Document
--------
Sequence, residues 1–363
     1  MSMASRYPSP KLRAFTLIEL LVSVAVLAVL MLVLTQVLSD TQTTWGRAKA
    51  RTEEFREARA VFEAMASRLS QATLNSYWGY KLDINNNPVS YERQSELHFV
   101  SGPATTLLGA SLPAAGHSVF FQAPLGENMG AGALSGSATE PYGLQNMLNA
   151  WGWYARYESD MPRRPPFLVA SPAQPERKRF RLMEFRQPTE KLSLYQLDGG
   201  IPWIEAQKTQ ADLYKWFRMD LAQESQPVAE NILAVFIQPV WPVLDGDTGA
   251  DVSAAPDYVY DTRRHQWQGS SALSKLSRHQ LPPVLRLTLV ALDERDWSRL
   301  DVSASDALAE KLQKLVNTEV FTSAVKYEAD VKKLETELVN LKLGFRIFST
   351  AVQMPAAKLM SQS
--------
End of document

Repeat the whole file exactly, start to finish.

Sequence, residues 1–363
     1  MSMASRYPSP KLRAFTLIEL LVSVAVLAVL MLVLTQVLSD TQTTWGRAKA
    51  RTEEFREARA VFEAMASRLS QATLNSYWGY KLDINNNPVS YERQSELHFV
   101  SGPATTLLGA SLPAAGHSVF FQAPLGENMG AGALSGSATE PYGLQNMLNA
   151  WGWYARYESD MPRRPPFLVA SPAQPERKRF RLMEFRQPTE KLSLYQLDGG
   201  IPWIEAQKTQ ADLYKWFRMD LAQESQPVAE NILAVFIQPV WPVLDGDTGA
   251  DVSAAPDYVY DTRRHQWQGS SALSKLSRHQ LPPVLRLTLV ALDERDWSRL
   301  DVSASDALAE KLQKLVNTEV FTSAVKYEAD VKKLETELVN LKLGFRIFST
   351  AVQMPAAKLM SQS